"Texas House passes measure to reduce handgun license fee" was first published by The Texas Tribune, a nonprofit, nonpartisan media organization that informs Texans — and engages with them — about public policy, politics, government and statewide issues.
The Texas House on Tuesday gave tentative approval to a proposal that would significantly reduce the fee for a license to carry a handgun.
The 111-30 vote came after the addition of an amendment by state Rep. Jeff Leach, R-Plano, that would waive the fee for peace officers to get a license to carry a gun.
The proposal, Senate Bill 16 by state Sen. Robert Nichols, R-Jacksonville, would would reduce the first-time fee for a license to carry from $140 to $40 and the annual renewal fee from $70 to $40. The fee would cover the Department of Public Safety's cost to administer the license program as well as $27 needed for county, state and federal background checks, Nichols has said.
“I think it’s important we have a license to carry because it means you have proper training in the handling of a firearm,” an author of the bill's House companion, state Rep. Phil King, R-Weatherford, said Tuesday. “The problem is we have the third-highest fee [for a license to carry] in the nation.”
Other than King, 22 members of the Texas House signed on to the bill as authors or co-authors.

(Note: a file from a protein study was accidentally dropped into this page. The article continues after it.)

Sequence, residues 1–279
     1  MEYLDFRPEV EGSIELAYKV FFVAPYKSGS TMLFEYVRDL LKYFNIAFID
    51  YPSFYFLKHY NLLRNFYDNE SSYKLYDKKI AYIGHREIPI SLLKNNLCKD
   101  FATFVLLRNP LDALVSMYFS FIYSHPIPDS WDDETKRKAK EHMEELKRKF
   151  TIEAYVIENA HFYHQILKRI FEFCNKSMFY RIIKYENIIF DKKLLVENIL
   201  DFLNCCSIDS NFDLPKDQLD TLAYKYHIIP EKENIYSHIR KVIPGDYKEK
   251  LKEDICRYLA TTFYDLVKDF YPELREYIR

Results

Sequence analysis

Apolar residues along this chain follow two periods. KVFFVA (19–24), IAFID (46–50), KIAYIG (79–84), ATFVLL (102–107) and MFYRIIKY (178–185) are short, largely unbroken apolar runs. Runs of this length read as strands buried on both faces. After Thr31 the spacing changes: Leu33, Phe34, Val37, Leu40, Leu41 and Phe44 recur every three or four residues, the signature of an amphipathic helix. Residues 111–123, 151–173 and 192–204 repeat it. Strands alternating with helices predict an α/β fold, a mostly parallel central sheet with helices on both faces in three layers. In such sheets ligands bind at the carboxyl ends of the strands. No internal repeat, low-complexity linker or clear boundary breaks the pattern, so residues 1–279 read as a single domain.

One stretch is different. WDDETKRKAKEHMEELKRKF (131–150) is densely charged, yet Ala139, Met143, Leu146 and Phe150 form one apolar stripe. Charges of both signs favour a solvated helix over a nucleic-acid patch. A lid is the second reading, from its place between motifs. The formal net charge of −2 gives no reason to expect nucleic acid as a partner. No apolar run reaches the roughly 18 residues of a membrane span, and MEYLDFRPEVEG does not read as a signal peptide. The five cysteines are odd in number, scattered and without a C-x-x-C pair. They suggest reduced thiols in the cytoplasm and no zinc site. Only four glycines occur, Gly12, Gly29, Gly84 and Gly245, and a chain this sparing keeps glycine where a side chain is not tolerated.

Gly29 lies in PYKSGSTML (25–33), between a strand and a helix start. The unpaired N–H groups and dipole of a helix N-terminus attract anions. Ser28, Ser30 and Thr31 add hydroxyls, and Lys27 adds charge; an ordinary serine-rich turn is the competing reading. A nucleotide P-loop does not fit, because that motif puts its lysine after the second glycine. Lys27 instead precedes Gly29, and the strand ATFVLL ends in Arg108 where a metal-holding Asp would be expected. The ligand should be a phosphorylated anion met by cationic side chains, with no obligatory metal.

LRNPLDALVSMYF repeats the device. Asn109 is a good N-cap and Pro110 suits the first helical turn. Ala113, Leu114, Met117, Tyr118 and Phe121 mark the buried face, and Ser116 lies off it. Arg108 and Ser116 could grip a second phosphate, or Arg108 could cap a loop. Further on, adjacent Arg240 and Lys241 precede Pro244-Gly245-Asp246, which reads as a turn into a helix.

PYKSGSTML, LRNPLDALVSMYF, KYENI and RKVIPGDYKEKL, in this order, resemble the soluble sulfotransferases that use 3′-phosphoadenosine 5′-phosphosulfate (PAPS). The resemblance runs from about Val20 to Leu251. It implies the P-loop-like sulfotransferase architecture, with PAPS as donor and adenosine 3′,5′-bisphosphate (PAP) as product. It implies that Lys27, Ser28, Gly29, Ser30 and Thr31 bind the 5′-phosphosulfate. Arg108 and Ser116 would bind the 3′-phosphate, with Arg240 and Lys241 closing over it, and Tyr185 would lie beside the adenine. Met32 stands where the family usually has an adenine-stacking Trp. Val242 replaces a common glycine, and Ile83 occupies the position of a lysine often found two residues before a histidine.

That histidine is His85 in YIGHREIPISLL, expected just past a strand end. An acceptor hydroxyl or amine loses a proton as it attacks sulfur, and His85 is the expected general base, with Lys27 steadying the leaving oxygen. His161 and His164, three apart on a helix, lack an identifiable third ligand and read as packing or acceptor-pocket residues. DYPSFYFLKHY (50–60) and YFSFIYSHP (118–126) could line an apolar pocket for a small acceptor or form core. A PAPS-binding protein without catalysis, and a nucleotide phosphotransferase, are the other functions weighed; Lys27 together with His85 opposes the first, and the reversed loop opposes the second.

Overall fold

Only Illinois and Arkansas now have higher fees to obtain a license to carry a handgun, Nichols said. Lt. Gov. Dan Patrick has granted the bill “priority” status in the Senate, paving the way for faster route through the Legislature.
The measure now needs final approval from the House before it can be sent to the governor's desk.
Passage of the bill would take Texas from one of the highest fees in the nation to one of the lowest. However, reducing the fee would cost the state roughly $12.6 million in 2018. Some House Democrats expressed concerns with that.
“That’s money that could’ve possibly been used for public education or our foster care system,” state Rep. Nicole Collier, D-Fort Worth, said. “I’m a little concerned we took money away from these necessary agencies and are giving a break to people want to carry a handgun.”
King, however, said the bill was necessary so Texans wouldn’t be taxed for “exercising their Second Amendment rights.”
“If we’re going to do that, let’s keep it at the cost that it costs the state,” King said.
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Correction: A previous version of this story incorrectly identified the bill being voted on. The legislation is Senate Bill 16.